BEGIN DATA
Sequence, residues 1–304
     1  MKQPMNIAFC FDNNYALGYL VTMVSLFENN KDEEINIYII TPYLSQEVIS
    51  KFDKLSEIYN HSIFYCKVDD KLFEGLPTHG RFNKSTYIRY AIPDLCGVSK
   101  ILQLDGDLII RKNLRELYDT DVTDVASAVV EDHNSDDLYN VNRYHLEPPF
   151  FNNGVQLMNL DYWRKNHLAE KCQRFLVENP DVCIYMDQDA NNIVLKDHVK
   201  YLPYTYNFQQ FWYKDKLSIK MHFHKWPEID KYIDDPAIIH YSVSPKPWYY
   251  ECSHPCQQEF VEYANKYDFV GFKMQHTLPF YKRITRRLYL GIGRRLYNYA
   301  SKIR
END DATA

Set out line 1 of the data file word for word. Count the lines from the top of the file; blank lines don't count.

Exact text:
Sequence, residues 1–304